Delhi- a city at the crossroads of 1.5 deg C

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Status: Finished  |  Genre: Non-Fiction  |  House: Booksie Classic
Delhi is a land locked city, it has a borrowed climate with the Yamuna river criss crossing it. The effects of climate change has now started to be more visible than in the past. It is imperative that necessary steps are planned and implemented for keeping the temperature below 1.5 deg C. The article explores opportunities and challenges of climate change in the capital city.

Submitted: September 13, 2016

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Submitted: September 13, 2016

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Delhi- a city at the crossroads of 1.5oC.

Delhi has a population of 18.6 million (2016) [1] spread over 1483 sq.km [2] making it among the top 5 populous cities in India (2nd highest population density) [3]. It is the capital city which host the president’s house and parliament, the central political leadership. Yet environment and per se, climate change is neglected heavily not only by the policy makers but public at large. Surprisingly, it was the first state to get its own climate action plan (Delhi Climate Change Agenda, on September, 2009) [4] for a specific period from 2009 till 2012. Since then, there has been no new Climate Action Plan.

In general, the subject of Climate Change figure in newspapers and media only around COPs. In COP21, it gain popularity, as the Indian Government submitted an ambitious plan to reduce its carbon intensity by 33% to 35% from 2005 levels [5]. On the other hand, in Delhi it lost its priority within government and social circles. The News and mass concerns are with massive water logging, flooding and a series of diseases happening here for the past few months (June to August, 2016). These would seem as not directly related to climate change on a broad manner. However, the severity of situation has been increasing for the past few years. This should be a point which needs immediate attention.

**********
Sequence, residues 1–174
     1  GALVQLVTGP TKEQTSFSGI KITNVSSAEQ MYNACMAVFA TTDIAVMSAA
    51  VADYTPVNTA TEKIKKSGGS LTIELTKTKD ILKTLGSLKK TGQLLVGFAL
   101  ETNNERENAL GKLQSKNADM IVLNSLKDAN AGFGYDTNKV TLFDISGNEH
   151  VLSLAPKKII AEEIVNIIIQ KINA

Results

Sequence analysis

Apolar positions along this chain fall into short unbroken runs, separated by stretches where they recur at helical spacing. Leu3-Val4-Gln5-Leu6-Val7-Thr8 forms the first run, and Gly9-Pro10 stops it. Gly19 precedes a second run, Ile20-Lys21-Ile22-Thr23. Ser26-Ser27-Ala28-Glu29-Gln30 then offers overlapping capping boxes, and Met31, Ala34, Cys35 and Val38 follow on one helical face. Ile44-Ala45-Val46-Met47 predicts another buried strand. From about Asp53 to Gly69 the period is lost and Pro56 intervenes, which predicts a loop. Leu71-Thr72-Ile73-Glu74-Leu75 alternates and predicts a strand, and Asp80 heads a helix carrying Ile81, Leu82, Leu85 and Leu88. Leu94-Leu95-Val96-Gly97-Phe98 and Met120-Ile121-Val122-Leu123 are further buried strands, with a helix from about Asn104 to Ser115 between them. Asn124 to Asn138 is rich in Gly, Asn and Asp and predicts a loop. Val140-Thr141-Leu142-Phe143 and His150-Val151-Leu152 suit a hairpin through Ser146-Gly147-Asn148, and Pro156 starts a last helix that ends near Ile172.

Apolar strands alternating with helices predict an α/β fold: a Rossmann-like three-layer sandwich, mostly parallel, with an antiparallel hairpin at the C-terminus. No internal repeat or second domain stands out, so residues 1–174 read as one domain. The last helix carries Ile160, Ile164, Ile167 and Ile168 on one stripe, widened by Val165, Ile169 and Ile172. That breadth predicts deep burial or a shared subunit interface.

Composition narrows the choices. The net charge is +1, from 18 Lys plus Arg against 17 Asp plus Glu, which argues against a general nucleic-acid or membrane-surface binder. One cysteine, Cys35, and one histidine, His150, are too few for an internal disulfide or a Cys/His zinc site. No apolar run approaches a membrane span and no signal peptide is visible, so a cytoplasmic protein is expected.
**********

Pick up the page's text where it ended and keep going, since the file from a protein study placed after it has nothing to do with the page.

Generally, the effects of Climate Change in cities are less visible than coastal areas or villages. This is due to the fact that resources, civic amenities and aid are more accessible in urban cities and reach at faster speed to the affected. This year, it was different. There were many who were cut off from the essential supplies as well as had to suffer socio-economic losses. Delhi has a borrowed climate. Its climate is highly influenced by that of neighbouring states. It is one of the fast growing cities around the world. The importance of keeping the temperature below 1.5oC lies in the fact that due to rapid urbanisation and population pressure, there will be an immense pressure on local open spaces as well as green cover (Delhi’s forests cover was 11.88% of geographical area in 2008, while tree cover was 8.09% [6]). At present it is only 6% [7]. Delhi can’t afford to lose its green lungs at any costs. There are massive pressure points on natural resources including that on groundwater and river Yamuna.

At present, there is a huge gap between the state of implementation and policy/ advocacy due to lack of conclusive climate action plan, which could have been a road map and an enabler for climate actions. Though, there has been several efforts (such as metro rail) as part of adaptation and mitigation process, there remains an enormous scope of reducing carbon dioxide emissions especially from transportation and operation of diesel generator sets, which have come along up with huge office complexes, shopping centres and entertainments malls. These balance out any positive measures. This calls for immediate steps to enhance the spectrum of mitigation and adaptation measures for keeping the city as sustainable as possible for the next century.